Rangers took a wicked revenge for their three defeats at the hands of the Dons this season. As result of their 4-2 victory at Pittodrie it looks as it Aberdeen will have to abandon their hopes of the Scottish League flag. Rangers appear to have recovered some of their poise and confidence. They may not succeed in overtaking Hibs, but they may well finish a lot nearer the top than many people thought.
Hibernian have at last forced their way to the head of affairs and unless the Easier Road team suffers from a black-out they have a great chance of staying there.
THE Dons' defeat came as a disappointment, but the blow was softened by the richness the fare provided by the teams. It was a grand game and it wasn't for want of trying that the Pittodrie players failed to make the grade.
Rangers won because their forwards were more adept in the art of taking their chances than the Aberdeen five. This, combined with Willie Waddell's ability to provide the right type of crosses, was the salient difference between the teams.
The Dons had as much drive as their rivals and over the ninety minutes they had a greater share of the ball.
Saturday's game will not be a happy memory for Frank Watson, the Aberdeen goalkeeper. It is easy for the onlooker to criticise, but it certainly did look as if he was at fault when the first and third goals were scored. Watson appeared to lose confidence when he failed to cut out the ball that led to the opening goal.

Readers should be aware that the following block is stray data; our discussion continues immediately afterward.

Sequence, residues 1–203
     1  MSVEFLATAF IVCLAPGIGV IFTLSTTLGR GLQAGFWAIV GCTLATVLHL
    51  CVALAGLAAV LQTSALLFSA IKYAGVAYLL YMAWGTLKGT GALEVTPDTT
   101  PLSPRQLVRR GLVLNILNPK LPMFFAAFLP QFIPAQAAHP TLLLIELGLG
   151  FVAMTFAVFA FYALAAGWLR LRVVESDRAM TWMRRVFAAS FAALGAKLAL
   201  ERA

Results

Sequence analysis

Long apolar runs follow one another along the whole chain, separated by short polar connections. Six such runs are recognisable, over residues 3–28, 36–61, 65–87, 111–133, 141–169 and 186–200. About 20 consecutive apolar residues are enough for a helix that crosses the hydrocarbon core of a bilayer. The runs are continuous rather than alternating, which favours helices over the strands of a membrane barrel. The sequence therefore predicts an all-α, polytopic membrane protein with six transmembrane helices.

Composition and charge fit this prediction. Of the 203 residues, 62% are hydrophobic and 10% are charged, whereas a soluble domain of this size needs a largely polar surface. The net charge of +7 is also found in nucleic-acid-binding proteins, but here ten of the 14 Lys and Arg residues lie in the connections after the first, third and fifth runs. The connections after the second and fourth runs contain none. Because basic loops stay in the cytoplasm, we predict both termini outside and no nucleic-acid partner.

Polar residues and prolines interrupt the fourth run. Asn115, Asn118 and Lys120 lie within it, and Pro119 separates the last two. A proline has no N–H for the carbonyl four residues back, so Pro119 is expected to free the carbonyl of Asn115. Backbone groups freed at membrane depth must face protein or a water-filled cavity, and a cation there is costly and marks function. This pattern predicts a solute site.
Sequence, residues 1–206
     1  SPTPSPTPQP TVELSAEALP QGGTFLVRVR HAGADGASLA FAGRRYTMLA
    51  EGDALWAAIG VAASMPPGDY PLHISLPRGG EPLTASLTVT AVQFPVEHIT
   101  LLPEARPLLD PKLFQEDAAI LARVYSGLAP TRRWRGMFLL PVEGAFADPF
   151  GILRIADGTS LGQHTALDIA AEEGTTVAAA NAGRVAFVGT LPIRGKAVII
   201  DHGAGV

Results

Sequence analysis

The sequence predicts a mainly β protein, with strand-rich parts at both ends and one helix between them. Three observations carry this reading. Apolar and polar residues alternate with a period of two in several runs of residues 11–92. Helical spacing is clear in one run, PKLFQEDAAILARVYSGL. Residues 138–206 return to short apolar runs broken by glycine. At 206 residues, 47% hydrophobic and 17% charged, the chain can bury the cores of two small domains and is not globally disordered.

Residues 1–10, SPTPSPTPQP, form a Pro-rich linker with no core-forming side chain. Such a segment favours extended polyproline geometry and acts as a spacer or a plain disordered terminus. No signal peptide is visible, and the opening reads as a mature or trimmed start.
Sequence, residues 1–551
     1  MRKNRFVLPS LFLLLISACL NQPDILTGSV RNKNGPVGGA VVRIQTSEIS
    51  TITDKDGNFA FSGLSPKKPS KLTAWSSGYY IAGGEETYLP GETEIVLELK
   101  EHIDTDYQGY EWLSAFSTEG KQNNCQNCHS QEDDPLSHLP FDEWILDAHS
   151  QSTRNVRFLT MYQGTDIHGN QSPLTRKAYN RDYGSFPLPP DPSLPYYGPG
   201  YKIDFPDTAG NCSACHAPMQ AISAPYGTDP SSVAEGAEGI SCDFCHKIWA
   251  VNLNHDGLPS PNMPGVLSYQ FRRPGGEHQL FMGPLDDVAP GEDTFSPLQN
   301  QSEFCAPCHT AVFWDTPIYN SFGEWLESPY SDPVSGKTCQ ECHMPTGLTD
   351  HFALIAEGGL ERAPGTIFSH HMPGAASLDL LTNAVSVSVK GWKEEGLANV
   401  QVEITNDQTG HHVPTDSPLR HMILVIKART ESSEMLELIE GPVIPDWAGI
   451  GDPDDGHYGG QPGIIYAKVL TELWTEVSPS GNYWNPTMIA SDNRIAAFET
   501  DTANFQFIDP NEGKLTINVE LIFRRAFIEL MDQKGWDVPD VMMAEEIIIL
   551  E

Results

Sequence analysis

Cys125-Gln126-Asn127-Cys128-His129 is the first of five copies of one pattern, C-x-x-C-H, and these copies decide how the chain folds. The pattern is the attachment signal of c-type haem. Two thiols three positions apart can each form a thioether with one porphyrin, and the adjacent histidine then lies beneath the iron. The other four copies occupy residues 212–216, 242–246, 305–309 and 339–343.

it should also be remembered, however, that Paton was completely unmarked when he opened the scoring, and Simpson was unchallenged when he headed the third.
Shaw failed to get a firm grip of the irrepressible Waddell and Emery found Paton a trifle elusive. Simpson and Thornton often interchanged positions, but although Young must have found this disconcerting he fought with unremitting enthusiasm.
Anderson forced on the game in the first half, but Harris was the more powerful and consistent wing half-back.
The youthful Yorston showed any amount of dash and Pearson played intelligently on the left wing. The latter realised that it would not pay to hold the ball against the stalwart Young. His flicks to the inside and his accurate crosses made Pearson a real menace.
Delaney on the right, gave Shaw trouble, but both Hamilton and Baird found Woodburn and Cox too attentive to be really dangerous.